Tag Archives: alisa craig

Tomato time! #gdnbloggers

“Get them home before the blight comes.”

So said the Allotment Secretary as I trundled home with trug number of two of tomatoes. It started with trug number one and a couple of carrier bags.

We have had quite a few varieties on the plot. These are-if I remember correctly-tigerella, latah, moneymaker, yellow stuffer, cream sausage alisa craig and marmande. I may have missed out a few.

Anyway, I’ve been complaining acutely over the course of the growing season as to how little produce I have managed to sow and grow. I may have over looked the productivity of the thirty two-ish plants that were grown across the two family plots.

I remember having that many plants, and dividing them between my plot and mum’s. I had a feeling, that there would be quite a few if all things went well. Now, having seen a few of plants on neighbouring plots start to with and go all very baroque gothic with would be blight, I have harvested a fair amount.

For fair amount, read poundage and one big massive puddle. I have maybe one trug full left, which I might harvest next week if the airborne blight is still away in distance.

Some of the fruit are actually turning; there are splodges of red, yellow and orange floating around. I have to say, that it is the latah one’s that are by far the reddest of them all. Even moneymaker is somewhat orange hued and not red.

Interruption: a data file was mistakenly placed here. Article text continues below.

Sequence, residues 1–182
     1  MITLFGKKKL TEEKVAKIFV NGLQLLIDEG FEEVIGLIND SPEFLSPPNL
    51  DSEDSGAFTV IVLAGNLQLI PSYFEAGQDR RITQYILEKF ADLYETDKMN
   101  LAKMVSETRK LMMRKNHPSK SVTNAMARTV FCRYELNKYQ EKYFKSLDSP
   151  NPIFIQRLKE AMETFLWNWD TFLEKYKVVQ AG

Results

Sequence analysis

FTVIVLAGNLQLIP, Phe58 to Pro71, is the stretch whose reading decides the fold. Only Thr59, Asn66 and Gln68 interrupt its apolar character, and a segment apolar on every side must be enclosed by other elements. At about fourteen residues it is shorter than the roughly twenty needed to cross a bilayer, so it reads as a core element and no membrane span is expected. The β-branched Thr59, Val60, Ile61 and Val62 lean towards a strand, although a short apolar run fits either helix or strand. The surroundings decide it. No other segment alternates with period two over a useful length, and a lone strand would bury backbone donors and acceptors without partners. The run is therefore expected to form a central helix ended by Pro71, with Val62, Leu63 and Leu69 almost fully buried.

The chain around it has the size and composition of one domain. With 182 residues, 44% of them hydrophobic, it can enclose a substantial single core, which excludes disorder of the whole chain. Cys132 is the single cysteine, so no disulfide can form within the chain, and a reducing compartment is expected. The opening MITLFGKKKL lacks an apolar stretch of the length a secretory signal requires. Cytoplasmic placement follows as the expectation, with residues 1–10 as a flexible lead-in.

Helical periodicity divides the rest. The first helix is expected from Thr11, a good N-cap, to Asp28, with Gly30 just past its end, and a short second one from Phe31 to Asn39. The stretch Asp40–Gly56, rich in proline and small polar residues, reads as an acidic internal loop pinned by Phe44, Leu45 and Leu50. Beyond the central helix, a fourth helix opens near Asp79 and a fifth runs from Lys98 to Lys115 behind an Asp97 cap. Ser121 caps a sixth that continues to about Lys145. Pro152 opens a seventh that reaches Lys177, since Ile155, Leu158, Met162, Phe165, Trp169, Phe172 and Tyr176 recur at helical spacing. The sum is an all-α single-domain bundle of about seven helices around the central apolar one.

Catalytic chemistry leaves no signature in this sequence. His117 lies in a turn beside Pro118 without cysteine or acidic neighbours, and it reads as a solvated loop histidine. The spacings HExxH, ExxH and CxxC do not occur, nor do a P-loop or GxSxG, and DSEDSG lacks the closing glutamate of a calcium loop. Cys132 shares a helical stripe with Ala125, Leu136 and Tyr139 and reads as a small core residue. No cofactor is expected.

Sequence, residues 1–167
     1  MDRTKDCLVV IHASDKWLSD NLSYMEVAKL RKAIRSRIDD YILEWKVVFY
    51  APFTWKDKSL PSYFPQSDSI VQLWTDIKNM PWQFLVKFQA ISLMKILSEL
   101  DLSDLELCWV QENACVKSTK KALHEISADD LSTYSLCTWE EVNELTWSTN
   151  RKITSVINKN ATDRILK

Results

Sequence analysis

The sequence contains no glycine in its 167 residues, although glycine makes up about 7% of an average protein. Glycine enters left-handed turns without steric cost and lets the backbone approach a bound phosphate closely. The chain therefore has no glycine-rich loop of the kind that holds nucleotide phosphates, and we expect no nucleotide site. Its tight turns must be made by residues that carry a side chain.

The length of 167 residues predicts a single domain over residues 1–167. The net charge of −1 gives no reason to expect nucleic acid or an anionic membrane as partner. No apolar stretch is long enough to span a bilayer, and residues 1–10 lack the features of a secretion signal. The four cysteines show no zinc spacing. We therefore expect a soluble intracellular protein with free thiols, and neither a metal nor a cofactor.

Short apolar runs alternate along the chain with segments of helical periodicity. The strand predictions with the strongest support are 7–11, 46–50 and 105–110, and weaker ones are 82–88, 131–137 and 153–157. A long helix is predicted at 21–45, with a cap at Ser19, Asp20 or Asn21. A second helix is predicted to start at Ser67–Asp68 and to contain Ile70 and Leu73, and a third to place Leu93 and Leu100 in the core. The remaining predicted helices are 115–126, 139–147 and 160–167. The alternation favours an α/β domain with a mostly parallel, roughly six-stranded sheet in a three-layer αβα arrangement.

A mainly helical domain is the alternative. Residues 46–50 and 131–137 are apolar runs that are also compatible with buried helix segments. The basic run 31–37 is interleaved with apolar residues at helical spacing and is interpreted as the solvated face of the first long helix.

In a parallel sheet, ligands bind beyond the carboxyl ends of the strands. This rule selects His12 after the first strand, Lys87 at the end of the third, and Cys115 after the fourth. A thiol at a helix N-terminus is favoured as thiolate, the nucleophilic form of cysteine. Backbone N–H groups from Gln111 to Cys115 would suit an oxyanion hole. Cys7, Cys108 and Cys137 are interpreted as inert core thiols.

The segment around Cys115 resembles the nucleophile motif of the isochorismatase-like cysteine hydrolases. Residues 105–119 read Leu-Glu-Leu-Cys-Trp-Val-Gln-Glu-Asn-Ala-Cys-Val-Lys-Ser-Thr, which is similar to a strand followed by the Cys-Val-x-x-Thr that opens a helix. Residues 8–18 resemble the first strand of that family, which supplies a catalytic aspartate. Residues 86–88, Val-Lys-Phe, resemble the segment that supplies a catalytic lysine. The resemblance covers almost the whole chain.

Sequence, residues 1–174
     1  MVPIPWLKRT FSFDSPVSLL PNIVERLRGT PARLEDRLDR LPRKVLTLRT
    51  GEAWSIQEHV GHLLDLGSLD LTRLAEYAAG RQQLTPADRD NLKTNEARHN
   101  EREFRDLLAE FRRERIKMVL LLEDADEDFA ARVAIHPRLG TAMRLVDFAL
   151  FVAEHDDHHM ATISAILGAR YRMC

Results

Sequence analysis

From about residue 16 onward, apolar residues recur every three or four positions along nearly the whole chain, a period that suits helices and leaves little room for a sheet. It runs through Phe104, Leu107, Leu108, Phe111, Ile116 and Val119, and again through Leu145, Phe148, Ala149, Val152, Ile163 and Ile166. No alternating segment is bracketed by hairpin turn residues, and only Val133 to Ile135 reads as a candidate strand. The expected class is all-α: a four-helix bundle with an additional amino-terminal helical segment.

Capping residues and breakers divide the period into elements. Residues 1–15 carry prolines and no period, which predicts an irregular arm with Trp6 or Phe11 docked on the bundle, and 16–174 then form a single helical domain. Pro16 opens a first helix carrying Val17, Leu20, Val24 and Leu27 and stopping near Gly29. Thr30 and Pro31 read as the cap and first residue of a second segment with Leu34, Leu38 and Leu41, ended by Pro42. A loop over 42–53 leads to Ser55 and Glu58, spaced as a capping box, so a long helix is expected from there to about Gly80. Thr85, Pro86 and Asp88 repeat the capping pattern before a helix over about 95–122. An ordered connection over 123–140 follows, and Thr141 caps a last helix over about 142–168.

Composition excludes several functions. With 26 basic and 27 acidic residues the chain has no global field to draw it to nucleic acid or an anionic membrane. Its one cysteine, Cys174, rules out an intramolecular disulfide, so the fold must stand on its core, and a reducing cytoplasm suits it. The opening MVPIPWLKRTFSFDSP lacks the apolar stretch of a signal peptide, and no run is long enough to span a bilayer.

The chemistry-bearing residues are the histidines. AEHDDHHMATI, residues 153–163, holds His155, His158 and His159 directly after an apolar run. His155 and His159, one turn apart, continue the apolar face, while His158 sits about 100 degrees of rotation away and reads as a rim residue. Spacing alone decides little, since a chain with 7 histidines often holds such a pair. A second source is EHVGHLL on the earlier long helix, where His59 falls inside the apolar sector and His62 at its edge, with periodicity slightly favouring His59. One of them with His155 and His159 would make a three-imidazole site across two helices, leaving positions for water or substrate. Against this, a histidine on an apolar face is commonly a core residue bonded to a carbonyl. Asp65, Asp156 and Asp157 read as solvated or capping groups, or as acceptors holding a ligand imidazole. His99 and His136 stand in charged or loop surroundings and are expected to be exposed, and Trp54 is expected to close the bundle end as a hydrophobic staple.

As you can see, there is an assortment of different shapes and sizes. Once you have sown and grown your own tomatoes, you cannot look at the generic shop bought ones in the same light. There is also the question of flavour-the distinct tomato-y-ness. The fibre of the fruit, is is squishy, solid or just a flesh that is held up up by sugars.  This lunchtime, as I sliced up a yellow stuffer for a side salad, I realised why it was a stuffer and not a salad tomato. It had been looking at me for days, pleading to be used. Although moneymaker is uniformly round, there are other varieties that are less pretty. And thank goodness that they are! There are quite a few knobbly marmande fruit, with their rather weird and wonderful shape. It is a shame, that in most instances, not many people will eat what is lovingly termed ‘ugly fruit’. It tastes the same, is of the same edible quality, and proves that nature loves wonkiness. There are far more wonky things, compared to the bland, uniform, tick all the boxes, don’t make a fuss variety.

That puddles is huge, and would probably make a lovely green tomato chutney. I’m not particularly feeling the chutney at the moment. I have some hope, that within the confines of a warm environment, these fruit will turn. In which case, they can be used in Mama F’s kitchen and I might even consider investigating pasta sauce  of some kind. There is also the option of ready made tarka mix as well, that could be interesting.

So the growing season hasn’t been an entire bust; the tomatoes are okay. I’m sure I have spuds to lift as well……

 

For now, it’s all okay, and smelling of tomatoes. (Trust me, that is not attractive….)

Tomato time and out.